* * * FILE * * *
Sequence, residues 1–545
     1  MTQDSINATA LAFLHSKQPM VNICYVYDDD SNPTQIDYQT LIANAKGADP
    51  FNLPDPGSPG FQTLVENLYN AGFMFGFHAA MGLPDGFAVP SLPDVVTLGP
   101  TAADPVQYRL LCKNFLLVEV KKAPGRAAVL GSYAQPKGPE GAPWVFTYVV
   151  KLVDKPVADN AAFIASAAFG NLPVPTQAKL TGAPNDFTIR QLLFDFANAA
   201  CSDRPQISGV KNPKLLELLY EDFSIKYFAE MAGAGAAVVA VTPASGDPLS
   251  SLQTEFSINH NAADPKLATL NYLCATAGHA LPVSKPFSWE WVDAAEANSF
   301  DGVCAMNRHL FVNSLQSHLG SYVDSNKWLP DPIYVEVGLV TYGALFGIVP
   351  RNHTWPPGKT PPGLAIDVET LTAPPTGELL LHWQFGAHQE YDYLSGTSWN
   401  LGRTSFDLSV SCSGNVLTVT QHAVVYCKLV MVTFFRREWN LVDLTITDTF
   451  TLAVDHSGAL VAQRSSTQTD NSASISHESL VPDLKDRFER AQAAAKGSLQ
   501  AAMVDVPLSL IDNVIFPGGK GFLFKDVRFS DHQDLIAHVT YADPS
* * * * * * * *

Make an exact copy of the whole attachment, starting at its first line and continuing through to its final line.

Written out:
Sequence, residues 1–545
     1  MTQDSINATA LAFLHSKQPM VNICYVYDDD SNPTQIDYQT LIANAKGADP
    51  FNLPDPGSPG FQTLVENLYN AGFMFGFHAA MGLPDGFAVP SLPDVVTLGP
   101  TAADPVQYRL LCKNFLLVEV KKAPGRAAVL GSYAQPKGPE GAPWVFTYVV
   151  KLVDKPVADN AAFIASAAFG NLPVPTQAKL TGAPNDFTIR QLLFDFANAA
   201  CSDRPQISGV KNPKLLELLY EDFSIKYFAE MAGAGAAVVA VTPASGDPLS
   251  SLQTEFSINH NAADPKLATL NYLCATAGHA LPVSKPFSWE WVDAAEANSF
   301  DGVCAMNRHL FVNSLQSHLG SYVDSNKWLP DPIYVEVGLV TYGALFGIVP
   351  RNHTWPPGKT PPGLAIDVET LTAPPTGELL LHWQFGAHQE YDYLSGTSWN
   401  LGRTSFDLSV SCSGNVLTVT QHAVVYCKLV MVTFFRREWN LVDLTITDTF
   451  TLAVDHSGAL VAQRSSTQTD NSASISHESL VPDLKDRFER AQAAAKGSLQ
   501  AAMVDVPLSL IDNVIFPGGK GFLFKDVRFS DHQDLIAHVT YADPS